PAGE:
Fiers, who currently pitches for the Oakland Athletics, said to the Chronicle that he’s not concerned about his safety but that he is always concerned about his family’s safety.

In a November 12 story in The Athletic, Fiers said the Astros had engaged in sign-stealing methods in 2017 that violated MLB’s rules. Fiers pitched for the Astros in 2017, the year Houston defeated the Los Angeles Dodgers to win the franchise’s first World Series. The Athletic’s report with Fiers’ on-the-record comments spurred MLB to launch its investigation, which found that the Astros illegally created a system that decoded and communicated the opposing teams’ pitching signs to their own players.

On Tuesday, MLB commissioner Rob Manfred was asked if the league was concerned about Fiers’ safety — and, if so, what steps would be taken, particularly when the A’s play in Houston this season.

“We will take every possible step to protect Mike Fiers wherever he’s playing, whether it’s in Houston or somewhere else,” Manfred said at a press conference in Scottsdale, Arizona.

“I want to be really clear about this. Mike, who I do not know at all, did the industry a service. I do believe that we will be a better institution when we emerge at the end of this episode, and without a Mike Fiers, we probably would’ve had a very difficult time cleaning this up. It would’ve taken longer. I think we would’ve done it eventually, but it would’ve taken a lot longer. And I have a real problem with anybody who suggests that Mike did anything other than the right thing.”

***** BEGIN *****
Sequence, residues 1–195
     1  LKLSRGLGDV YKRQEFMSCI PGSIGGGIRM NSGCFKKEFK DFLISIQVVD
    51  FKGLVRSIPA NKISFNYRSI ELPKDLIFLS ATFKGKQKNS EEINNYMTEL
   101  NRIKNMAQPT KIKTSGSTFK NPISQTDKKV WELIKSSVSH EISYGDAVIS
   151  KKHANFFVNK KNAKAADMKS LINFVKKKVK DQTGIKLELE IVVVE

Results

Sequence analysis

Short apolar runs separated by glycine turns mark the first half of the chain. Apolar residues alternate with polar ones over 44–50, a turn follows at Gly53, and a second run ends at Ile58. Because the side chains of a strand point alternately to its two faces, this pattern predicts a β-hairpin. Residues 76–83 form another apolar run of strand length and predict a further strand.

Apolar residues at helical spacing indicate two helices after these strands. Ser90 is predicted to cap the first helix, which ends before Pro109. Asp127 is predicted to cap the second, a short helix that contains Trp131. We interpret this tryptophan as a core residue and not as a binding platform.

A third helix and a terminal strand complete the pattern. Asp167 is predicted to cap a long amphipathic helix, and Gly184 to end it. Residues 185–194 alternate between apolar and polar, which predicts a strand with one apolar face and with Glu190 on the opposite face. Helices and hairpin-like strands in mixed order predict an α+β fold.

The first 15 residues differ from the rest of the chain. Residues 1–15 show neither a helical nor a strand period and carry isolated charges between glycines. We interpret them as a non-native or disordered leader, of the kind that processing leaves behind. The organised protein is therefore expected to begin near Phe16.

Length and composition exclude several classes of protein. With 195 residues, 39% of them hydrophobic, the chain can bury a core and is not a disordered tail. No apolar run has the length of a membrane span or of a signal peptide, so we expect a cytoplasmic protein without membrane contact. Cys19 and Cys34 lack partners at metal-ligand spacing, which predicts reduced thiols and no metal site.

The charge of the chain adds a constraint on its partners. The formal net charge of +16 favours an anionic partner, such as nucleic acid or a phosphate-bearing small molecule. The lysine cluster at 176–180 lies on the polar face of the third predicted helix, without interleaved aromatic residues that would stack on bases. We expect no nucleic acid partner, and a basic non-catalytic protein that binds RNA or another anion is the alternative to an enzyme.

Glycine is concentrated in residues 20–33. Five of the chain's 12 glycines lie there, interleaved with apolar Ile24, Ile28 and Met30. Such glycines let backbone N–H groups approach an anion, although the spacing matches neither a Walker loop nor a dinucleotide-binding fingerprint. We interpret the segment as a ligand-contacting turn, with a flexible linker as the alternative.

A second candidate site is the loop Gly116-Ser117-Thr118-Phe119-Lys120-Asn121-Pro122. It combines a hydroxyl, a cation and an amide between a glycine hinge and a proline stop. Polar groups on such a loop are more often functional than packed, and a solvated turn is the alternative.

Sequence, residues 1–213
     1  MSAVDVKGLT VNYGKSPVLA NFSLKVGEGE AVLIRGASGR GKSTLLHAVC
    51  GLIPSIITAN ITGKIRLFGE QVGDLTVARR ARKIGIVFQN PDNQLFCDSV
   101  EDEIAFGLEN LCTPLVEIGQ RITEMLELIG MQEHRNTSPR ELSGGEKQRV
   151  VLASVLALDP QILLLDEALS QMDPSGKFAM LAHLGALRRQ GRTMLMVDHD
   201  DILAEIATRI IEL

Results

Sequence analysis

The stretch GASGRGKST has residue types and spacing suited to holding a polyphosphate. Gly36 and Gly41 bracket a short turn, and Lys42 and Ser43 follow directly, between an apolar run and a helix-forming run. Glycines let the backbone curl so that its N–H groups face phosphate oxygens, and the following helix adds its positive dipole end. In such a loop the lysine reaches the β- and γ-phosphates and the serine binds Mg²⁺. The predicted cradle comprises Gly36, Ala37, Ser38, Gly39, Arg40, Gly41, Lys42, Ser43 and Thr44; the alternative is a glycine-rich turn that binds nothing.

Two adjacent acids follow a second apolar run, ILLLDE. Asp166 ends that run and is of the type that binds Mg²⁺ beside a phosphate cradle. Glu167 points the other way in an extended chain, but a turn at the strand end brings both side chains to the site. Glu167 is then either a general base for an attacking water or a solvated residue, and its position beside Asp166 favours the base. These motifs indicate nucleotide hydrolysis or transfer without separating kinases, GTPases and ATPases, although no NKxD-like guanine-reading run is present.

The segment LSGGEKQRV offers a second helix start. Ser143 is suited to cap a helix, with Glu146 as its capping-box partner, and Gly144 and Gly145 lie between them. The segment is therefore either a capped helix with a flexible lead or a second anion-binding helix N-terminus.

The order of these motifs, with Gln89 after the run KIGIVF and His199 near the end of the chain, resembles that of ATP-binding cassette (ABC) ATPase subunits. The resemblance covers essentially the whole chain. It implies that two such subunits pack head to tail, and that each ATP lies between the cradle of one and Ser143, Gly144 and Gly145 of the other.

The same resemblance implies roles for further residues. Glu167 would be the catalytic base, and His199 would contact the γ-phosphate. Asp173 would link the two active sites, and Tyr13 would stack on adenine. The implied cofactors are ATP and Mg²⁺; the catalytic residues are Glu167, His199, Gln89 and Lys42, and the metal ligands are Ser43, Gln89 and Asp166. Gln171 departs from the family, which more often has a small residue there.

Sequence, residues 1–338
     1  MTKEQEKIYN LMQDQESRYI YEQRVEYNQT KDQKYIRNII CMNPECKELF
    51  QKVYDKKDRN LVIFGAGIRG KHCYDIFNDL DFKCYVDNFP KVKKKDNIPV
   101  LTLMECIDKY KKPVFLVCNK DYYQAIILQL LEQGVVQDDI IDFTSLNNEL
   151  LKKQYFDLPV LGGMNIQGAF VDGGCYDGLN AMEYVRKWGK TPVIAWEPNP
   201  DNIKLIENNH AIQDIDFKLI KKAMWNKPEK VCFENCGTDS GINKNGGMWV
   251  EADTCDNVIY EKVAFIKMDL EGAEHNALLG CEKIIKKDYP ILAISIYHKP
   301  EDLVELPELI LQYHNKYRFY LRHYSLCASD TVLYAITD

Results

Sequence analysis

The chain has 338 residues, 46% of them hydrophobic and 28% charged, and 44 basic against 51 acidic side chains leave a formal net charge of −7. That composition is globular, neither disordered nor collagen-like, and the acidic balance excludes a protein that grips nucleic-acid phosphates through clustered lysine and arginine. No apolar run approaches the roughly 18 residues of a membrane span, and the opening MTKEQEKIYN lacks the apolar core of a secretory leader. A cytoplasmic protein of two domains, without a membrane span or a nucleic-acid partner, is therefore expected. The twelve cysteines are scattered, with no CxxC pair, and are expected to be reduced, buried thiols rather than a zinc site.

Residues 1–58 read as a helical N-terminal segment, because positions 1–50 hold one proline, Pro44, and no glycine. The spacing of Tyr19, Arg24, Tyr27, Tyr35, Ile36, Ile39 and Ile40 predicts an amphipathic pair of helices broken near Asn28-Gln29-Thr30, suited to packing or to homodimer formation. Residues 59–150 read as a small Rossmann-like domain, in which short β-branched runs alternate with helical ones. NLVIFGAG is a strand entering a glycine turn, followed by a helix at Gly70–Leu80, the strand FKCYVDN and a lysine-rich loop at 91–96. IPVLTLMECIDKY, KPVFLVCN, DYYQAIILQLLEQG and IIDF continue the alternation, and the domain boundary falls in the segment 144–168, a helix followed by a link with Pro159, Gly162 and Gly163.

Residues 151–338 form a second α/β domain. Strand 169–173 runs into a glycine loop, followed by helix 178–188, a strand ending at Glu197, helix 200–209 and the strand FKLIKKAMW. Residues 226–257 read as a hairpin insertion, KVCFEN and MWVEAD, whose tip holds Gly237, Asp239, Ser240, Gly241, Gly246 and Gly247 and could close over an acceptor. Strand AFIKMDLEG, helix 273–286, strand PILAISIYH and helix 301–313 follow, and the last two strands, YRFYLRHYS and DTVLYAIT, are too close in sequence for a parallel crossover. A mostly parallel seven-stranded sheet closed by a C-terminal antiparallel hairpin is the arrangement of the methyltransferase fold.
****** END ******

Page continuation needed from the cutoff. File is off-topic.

Regarding MLB protection, Fiers said Wednesday to The Athletic: “I don’t know how they would.”

He added, “I’m not asking for extra security. I’m here to play baseball and I can defend myself, if anything. We do have National League games and I’m going to have to get into the box (to hit) just like everybody else. It’s part of the game. If they decide to throw at me, then they throw at me. There’s nothing much you can do about it.”

He also said, according to The Athletic: “I’ve dealt with a lot in my life. I’ve dealt with people hating me before. I’ve dealt with a lot of life problems. It is what it is. And if someone’s going to retaliate then by hitting me with a pitch, it’s not a big deal.”

There are strong opinions on either side when it comes to Fiers. One of those against him is former Boston Red Sox star David Ortiz, who said on Thursday that Fiers looks like a “snitch” for going public on the Astros’ scandal.

“I’m mad at this guy, the pitcher that came out talking about it,” Ortiz said at Red Sox spring training at JetBlue Park in Fort Myers, Florida.

“And let me tell you why. Oh, after you make your money, after you get your ring, you decide to talk about it. Why don’t you talk about it during the season when it was going on? Why you didn’t say, ‘I don’t want to be no part of it?’ So you look like you’re a snitch.”

When asked if he might consider returning his World Series ring, Fiers said he currently has no plans to do so unless it’s mandated for the 2017 team to do that.

“I said from the beginning, ‘I’m not away from this. I was part of that team, I was one of those guys,'” Fiers said to the Chronicle. “Suspensions, fines — I’m willing to take as much punishment as they do. If they ask me to (return the ring), it’s not the end of the world.”